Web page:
Student magician casts a spell over campus

For most of us, the wait for a mysterious letter from Hogwarts ended years ago, along with our hopes to become an eminent magician in a world of dementors and goblins. While the search for these magical creatures on campus will indubitably prove pointless, the quest for a great magician is not. Boasting the ability to accomplish magical feats without the use of a wand (an accomplishment Dumbledore himself has not quite yet mastered), Nathaniel Kastan ’12 is quite possibly the most eminent magician on a campus filled with mere Muggles.

After hearing about Kastan’s mastery of the dark arts, I was eager to see his powers for myself. Thus, I asked him to showcase a few of his best illusions while I and a few of his biggest magic fans looked on.

Kastan started out with a series of typical card tricks – making my selected cards magically appear at the top of the deck or seemingly changing cards before my very eyes. His hands moved deftly through the deck, shuffling and cutting the cards swiftly so that no matter how hard I scrutinized his movements, I couldn’t figure out how exactly he accomplished his feats of illusion. His entourage of magic enthusiasts sat back and observed the tricks with me, shouting out their own favorite tricks for Kastan to complete. After much debate, they soon reached a consensus that Kastan must perform a certain “business card trick.”

After rifling through his wallet, an entrymate handed over a used golf tally card, and Kastan asked me to write the name of someone near and dear to my heart in the bottom right corner. I wrote down “Laura Huang,” and folded the card to hand back to Kastan. Twice, he handed the card back to me, asking me to sign my own name inside and outside of the card to ensure he had not switched cards to read the secret name I had inscribed. Then, Kastan instructed me to think of my selected person while grasping his wrist with all my might. After I let go and Kastan gave his wrist a quick brush with his hand, the letters “L” and “H” magically appeared on his arm. Kastan’s posse gushed with “ooohs” and “aaaaahs,” as I sat back and regretted not having written a name with more complex letters to be etched into his wrist.

Kastan’s curiosity in magic drew him to the trade two years ago when he began dabbling with basic card tricks. His repertoire has since expanded to include a number of bewildering illusions. “There are lots of different types of magic, and I do what is called street magic, so I can just carry around a deck of cards and do tricks whenever,” he said. “I’ll be the first to tell people that what I am doing is not real magic. I can just make you see magic.”

He and a good friend did some research and eventually began corresponding with fellow amateurs, eventually discovering a large magician culture. “There are a lot of books and magazines and sites where magicians can share their new concepts with people,” he said. “Sometimes there will be a new concept floating around that I will toy with, or sometimes magicians will release their tricks, so I’ll learn that way as well. I try to do a few of my own tricks, but a lot of what I do have been out there.”

While there is definitely a lot of literature to aid Kastan in his fascination with magic, learning the tricks themselves is hardly easy. “I always carry around my deck of cards, so if I’m waiting in line, I can just take them out and practice,” he said. “It takes a lot of time to get the motions fluid and get everything looking like it needs to be so that it actually looks like a real illusion.”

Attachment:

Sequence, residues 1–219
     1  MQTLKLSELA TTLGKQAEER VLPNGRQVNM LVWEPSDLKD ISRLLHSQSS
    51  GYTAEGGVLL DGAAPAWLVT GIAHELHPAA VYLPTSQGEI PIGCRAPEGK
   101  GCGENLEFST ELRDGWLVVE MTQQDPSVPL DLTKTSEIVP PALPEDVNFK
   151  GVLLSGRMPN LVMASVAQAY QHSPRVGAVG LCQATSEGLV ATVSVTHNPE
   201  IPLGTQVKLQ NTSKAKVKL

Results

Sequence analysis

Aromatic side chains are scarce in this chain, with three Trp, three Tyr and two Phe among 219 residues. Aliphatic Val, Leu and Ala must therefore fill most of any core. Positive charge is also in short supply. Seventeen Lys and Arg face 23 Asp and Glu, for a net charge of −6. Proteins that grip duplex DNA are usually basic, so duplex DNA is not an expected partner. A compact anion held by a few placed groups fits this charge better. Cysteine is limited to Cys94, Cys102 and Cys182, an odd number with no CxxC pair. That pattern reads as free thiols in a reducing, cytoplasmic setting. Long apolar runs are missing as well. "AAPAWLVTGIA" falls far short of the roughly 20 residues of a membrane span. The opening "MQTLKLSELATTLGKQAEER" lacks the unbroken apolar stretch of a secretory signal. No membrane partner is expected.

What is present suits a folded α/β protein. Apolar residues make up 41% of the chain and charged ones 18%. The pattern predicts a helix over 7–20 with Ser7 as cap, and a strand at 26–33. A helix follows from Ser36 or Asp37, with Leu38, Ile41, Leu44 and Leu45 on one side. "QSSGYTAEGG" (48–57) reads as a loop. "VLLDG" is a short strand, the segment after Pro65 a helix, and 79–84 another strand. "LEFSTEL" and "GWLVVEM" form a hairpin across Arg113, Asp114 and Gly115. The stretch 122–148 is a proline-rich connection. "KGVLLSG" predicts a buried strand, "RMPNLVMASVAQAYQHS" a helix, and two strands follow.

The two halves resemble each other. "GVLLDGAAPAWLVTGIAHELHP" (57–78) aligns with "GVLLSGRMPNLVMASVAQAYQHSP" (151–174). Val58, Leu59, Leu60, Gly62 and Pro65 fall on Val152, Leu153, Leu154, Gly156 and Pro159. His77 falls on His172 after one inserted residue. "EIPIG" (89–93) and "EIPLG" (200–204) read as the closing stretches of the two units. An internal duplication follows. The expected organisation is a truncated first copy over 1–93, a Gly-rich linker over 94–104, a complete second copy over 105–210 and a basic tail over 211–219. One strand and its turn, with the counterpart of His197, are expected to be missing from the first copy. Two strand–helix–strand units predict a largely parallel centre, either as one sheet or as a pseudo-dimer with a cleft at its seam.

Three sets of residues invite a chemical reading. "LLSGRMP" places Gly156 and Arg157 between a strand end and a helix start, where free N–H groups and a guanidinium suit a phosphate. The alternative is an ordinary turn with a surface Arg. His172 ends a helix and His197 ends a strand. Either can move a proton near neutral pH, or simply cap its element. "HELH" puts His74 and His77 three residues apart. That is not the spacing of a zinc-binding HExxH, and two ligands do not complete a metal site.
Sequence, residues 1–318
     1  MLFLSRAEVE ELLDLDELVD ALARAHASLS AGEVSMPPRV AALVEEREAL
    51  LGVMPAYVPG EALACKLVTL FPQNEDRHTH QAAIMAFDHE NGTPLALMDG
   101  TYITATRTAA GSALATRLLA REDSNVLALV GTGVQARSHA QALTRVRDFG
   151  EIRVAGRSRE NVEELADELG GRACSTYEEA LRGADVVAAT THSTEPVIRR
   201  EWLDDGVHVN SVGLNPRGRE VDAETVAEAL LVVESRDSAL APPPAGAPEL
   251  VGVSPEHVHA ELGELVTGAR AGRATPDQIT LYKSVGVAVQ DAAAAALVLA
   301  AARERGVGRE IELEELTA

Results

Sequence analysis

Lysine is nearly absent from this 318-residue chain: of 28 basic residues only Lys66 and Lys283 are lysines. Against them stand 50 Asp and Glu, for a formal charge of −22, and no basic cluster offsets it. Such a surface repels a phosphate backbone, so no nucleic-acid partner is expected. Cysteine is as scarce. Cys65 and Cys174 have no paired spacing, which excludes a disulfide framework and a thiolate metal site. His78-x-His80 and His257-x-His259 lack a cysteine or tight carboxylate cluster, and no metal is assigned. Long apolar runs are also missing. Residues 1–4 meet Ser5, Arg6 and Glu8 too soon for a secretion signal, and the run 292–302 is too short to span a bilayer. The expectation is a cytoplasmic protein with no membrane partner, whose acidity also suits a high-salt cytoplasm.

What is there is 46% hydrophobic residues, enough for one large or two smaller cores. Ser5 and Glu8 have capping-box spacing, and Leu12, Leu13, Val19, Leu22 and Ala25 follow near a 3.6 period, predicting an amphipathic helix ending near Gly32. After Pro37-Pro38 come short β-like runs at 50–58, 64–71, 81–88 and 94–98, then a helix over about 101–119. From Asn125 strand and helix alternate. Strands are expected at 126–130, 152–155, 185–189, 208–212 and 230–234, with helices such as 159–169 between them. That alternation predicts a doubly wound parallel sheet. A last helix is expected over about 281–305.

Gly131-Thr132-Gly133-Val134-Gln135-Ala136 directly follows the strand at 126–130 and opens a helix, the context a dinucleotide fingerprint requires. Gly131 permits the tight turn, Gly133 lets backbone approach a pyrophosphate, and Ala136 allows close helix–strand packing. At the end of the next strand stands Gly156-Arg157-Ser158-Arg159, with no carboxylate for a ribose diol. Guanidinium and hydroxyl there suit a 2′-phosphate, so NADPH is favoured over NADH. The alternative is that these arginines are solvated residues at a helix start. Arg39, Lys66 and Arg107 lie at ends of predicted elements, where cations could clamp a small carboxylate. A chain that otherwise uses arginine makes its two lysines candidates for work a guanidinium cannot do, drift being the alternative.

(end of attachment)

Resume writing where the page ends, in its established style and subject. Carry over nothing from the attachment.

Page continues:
For Kastan, being a magician is not just about executing the trick perfectly, but also about delivering it to the audience in the most effective way. “A lot of it has to do with relationship to the audience and crowd control,” he said. “Every time you do a trick, it is going to be a little different. I always try to tweak my conversation with the audience a little bit depending on the dynamic of the room or what the situation is.”

Despite the hours of work that Kastan puts into polishing his illusions, he confesses that the tricks don’t always go smoothly as planned. “My tricks are not perfect,” he said. “I always tell people that if they start to see what I am doing, they shouldn’t scream it out for others. Karyn [Moss ’12] over here has actually done that for one of my tricks, so I actually banned her from watching my tricks.”

Kastan’s magical prowess has not only served as a great source of entertainment for his eager viewers, but is also an inspiration for his entrymates to pursue their own illusionist endeavors. “I think having Nathaniel in our entry has definitely made us all a lot more interested in magic tricks and how they work. We’ve all begun to pay much more attention to his tricks now to learn his secrets. Phil here is now an aspiring magician,” Tim Marinelli ’10 said pointing to one of Kastan’s entrymates. Phil Vestergaard ’12 proceeded to showcase an illusion he had been working on, garnering the spectators’ laughter and Kastan’s mockery.

In his few months at the College, Kastan’s deftness has made him a legend among men as word of his great feats has quickly spread across campus. “I’ve had random people come up to me and ask me to do tricks a few times. I try to always keep my deck on me because it happens a lot,” he said. “I love it though. Once I started doing tricks for people, I kept it up because once you get a taste, you just want to do more, you want to learn new illusions, you want to get even better reactions.”

With the conclusion of the epic Harry Potter series, there are no longer novel avenues for enthusiasts to get their daily magic fix. Luckily for those who just can’t get enough of magic, Kastan is always up for showcasing a few of the tricks up his sleeve.

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